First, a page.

The “Grande Hotel” was built by the Portuguese during their gigantic prosperity in Mozambique. Opened in 1954, until the mid-1970s it was the most luxurious hotel on the African continent. Situated on the beach in Beira, it was the only one in this part of the world to have an Olympic swimming pool, three luxurious restaurants and staff far exceeding the number of guests. Even each elevator was operated by two employees. The “Pearl of Africa”, as it was proudly nicknamed, was known to be a gambler’s paradise. But this unrealistic investment quickly went bankrupt, and the change of government sealed its collapse.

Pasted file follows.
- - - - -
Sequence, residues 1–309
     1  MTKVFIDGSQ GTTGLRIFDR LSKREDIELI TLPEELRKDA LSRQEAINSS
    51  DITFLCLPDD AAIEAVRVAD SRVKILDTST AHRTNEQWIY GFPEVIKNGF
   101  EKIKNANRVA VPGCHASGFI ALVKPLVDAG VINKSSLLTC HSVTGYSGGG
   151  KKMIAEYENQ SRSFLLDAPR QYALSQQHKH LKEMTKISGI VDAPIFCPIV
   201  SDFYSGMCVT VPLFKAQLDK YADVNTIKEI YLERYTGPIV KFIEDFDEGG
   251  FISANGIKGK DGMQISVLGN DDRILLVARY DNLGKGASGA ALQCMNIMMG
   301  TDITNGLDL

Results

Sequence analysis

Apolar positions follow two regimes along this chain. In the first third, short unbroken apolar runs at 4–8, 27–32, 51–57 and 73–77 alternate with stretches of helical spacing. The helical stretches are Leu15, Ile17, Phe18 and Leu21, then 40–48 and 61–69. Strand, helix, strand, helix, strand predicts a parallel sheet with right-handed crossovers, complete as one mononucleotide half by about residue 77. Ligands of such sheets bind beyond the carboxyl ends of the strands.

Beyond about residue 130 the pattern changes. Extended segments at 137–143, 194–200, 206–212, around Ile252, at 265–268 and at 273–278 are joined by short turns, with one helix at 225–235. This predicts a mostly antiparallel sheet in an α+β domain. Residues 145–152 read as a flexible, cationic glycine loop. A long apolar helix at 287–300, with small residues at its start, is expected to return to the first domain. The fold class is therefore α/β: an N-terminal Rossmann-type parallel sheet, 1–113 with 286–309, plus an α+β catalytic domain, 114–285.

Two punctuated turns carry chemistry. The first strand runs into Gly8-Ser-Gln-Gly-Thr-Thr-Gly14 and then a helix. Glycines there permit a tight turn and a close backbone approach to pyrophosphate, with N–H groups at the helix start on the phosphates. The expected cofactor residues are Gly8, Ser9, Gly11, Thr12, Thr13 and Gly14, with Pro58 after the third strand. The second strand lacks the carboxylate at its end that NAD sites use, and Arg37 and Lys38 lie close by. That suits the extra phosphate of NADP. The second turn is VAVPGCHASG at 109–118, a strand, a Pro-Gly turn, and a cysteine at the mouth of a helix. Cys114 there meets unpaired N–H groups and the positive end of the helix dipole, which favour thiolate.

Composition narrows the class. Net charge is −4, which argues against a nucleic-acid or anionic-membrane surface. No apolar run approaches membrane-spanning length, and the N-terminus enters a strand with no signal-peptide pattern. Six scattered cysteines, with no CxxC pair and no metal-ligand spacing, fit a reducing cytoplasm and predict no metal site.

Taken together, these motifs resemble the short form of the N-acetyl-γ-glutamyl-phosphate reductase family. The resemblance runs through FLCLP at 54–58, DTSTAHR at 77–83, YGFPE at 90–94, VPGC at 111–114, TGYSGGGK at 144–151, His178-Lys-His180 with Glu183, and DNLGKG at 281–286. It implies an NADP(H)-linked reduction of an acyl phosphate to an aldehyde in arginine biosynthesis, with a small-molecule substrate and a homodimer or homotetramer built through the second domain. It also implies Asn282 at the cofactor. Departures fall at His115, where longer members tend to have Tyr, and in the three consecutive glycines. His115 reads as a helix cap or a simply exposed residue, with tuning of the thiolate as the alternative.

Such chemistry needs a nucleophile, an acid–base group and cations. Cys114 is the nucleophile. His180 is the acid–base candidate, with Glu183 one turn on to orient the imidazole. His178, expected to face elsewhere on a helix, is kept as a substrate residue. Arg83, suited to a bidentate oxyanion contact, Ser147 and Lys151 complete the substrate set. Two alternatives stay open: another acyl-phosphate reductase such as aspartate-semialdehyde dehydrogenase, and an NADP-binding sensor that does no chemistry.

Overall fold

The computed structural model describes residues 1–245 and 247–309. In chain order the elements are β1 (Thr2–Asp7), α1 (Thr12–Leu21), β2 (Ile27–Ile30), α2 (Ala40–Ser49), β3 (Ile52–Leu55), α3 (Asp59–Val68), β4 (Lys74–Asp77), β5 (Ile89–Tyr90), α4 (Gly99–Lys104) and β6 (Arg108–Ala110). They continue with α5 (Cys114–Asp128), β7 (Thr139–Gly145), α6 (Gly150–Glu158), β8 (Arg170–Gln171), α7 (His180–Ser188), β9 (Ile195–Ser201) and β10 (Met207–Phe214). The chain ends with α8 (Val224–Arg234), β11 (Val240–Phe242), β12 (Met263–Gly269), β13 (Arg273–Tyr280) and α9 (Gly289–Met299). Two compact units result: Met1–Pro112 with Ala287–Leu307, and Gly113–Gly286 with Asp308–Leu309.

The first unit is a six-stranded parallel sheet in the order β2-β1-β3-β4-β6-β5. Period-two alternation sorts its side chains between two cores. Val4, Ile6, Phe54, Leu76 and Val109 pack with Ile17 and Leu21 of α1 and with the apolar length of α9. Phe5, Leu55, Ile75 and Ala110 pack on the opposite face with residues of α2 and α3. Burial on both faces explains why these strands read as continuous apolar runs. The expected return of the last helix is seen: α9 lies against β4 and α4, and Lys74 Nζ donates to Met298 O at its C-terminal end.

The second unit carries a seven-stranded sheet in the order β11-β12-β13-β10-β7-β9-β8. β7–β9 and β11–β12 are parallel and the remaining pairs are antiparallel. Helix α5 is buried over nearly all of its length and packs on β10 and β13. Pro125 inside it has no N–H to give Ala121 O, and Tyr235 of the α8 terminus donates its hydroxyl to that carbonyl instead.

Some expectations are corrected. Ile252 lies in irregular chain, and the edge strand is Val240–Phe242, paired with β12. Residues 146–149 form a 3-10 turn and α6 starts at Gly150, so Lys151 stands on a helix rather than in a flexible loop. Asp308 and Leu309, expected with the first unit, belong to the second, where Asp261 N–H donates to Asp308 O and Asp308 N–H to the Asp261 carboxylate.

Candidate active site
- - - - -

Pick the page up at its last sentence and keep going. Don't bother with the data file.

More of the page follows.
Today, Grande Hotel is a haven for thousands of homeless people. This is the largest African squat. The rapid population growth in Beira, which has increased its population more than tenfold since the 1950s, post-colonial economic and social challenges resulting in huge unemployment, and natural disasters make often event entire, multigeneration families move there – as they are often left homeless from day to day. There is no water or electricity in the hotel. Many of my interlocutors, when moving into the hotel, hoped that they would quickly get back on their feet and move out. However, only a few manage to escape the “White Elephant” as Hotel Grande is called in the new reality.